Timetable information in the Course Catalogue may be subject to change.

University Homepage
DRPS Homepage
DRPS Search
DRPS Contact
DRPS : Course Catalogue : School of Law : Law

Postgraduate Course: Economic and Social Rights (LAWS11452)

Course Outline
SchoolSchool of Law CollegeCollege of Arts, Humanities and Social Sciences
Credit level (Normal year taken)SCQF Level 11 (Postgraduate) AvailabilityNot available to visiting students
SCQF Credits20 ECTS Credits10
SummaryThis course will provide students with an advanced introduction to the evolving uses of economic and social rights. It will examine debates about the nature of these rights and examine their recent constitutionalisation in some states. The course will examine the impact of economic and social rights jurisprudence and adjudication, and ask whether the legal language of economic and social rights can address contemporary problems of distributive justice, inequality and the retreat of systems of national welfare.
Course description This course will cover the following:

1) The contemporary challenge of economic and social rights
2) Historical antecedents
3) Conceptual debates about the nature of economic and social rights: economists v lawyers?
4) The Covenant on Economic Social and Cultural Rights and its interpretation: core framework
5) Constitutionalisation of Economic and Social Rights: South Africa
6) Constitutionalisation of Economic and Social Rights: India
7) Constitutionalisation of Economic and Social Rights: Latin America
8) International Institutions and Economic and Social Rights
9) Extraterritorial application of economic and social rights and globalization
10) Economic and Social Rights and Inequality
Entry Requirements (not applicable to Visiting Students)
Pre-requisites Co-requisites
Prohibited Combinations Other requirements None
Course Delivery Information
Academic year 2023/24, Not available to visiting students (SS1) Quota:  24
Course Start Semester 2
Timetable Timetable
Learning and Teaching activities (Further Info) Total Hours: 200 ( Seminar/Tutorial Hours 20, Programme Level Learning and Teaching Hours 4, Directed Learning and Independent Learning Hours 176 )
Assessment (Further Info) Written Exam 0 %, Coursework 100 %, Practical Exam 0 %
Additional Information (Assessment) Formative Assessment:«br /»
Students will receive feedback from the seminar leader on a 15-minute presentation delivered in class on one of the core readings for the week.«br /»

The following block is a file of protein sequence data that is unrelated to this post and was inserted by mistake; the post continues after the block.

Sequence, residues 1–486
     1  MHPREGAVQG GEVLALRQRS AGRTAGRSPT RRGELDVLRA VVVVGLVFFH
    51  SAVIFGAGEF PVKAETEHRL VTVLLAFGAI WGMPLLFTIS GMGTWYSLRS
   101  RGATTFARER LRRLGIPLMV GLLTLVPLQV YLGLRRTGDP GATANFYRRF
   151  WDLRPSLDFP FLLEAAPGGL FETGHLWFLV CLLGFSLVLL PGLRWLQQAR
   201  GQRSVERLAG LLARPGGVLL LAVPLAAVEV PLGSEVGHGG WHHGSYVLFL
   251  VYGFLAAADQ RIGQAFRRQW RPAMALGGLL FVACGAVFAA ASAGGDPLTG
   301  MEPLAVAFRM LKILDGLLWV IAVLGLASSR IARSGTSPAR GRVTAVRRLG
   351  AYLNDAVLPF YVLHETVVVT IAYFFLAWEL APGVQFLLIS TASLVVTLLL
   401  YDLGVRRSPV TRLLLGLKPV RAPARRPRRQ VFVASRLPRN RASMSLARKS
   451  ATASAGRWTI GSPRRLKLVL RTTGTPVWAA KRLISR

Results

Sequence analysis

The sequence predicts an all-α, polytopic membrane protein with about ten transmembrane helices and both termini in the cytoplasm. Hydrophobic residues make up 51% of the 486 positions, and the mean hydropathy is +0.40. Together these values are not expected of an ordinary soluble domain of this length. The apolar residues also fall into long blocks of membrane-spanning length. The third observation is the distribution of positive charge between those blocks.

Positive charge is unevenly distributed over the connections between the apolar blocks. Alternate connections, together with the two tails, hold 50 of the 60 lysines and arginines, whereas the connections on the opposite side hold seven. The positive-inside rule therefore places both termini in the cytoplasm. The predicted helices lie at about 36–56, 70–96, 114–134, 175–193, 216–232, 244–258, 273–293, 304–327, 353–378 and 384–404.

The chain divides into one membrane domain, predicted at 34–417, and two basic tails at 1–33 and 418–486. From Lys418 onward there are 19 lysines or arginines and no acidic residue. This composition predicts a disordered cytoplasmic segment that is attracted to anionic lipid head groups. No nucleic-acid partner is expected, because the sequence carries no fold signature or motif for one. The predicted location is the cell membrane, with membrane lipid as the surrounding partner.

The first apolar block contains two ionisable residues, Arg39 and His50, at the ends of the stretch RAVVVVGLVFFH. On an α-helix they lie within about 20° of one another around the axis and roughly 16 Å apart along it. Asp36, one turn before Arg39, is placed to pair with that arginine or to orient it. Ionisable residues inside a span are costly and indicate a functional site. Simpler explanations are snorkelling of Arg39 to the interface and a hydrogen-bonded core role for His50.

«br /»
Summative Assessment:«br /»
The assessment for the course will comprise a 1,000 word reaction paper or essay concerning the reading presented in class (20%); and a 4,000 word essay (80%).
Feedback Feedback on the formative assessment may be provided in various formats, for example, to include written, oral, video, face-to-face, whole class, or individual. The course organiser will decide which format is most appropriate in relation to the nature of the assessment.

Feedback on both formative and summative in-course assessed work will be provided in time to be of use in subsequent assessments within the course.

Feedback on the summative assessment will be provided in written form via Learn, the University of Edinburgh's Virtual Learning Environment (VLE).
No Exam Information
Learning Outcomes
On completion of this course, the student will be able to:
  1. Demonstrate a strong grounding in the state of the art concerning the interpretation, application and institutionalisation of economic and social rights in a comparative context.
  2. Conduct independent research in this specialised field of human rights by exposing them to a range of contemporary sources.
  3. Form sophisticated arguments drawing on these sources.
  4. Apply their theoretical and historical understandings to particular examples through the use of case studies.
Reading List
Indicative Bibliography:

Covenant on Economic, Social and Cultural Rights

General Comments of the Committee on Economic and Social Rights

K Young, Constituting Economic and Social Rights (2012)

K Young (ed), The Future of Economic and Social Rights (2019)

David Landau, 'The Reality of Economic and Social Rights,' Harvard International Law Journal (2012)

Samuel Moyn, Not Enough (2018)
Additional Information
Graduate Attributes and Skills Skills and Abilities in Research and Enquiry
The course will enable students to conduct independent research in this specialized field of human rights by exposing them to a range of contemporary sources, and also enable to form sophisticated arguments drawing on these sources.

Skills and Abilities in Communication
The classes will run as an interactive seminars and so communication with peers is crucial.

Skills and Abilities in Personal Effectiveness
A focus on a number of case studies will enable students to apply their theoretical and historical understandings to particular examples.
KeywordsLaw,Postgraduate,Level 11,Economics,Social
Course organiserProf Nehal Bhuta
Tel: (0131 6)51 4565
Course secretaryMs Susanna Wickes
Help & Information
Search DPTs and Courses
Degree Programmes
Browse DPTs
Humanities and Social Science
Science and Engineering
Medicine and Veterinary Medicine
Other Information
Combined Course Timetable
Important Information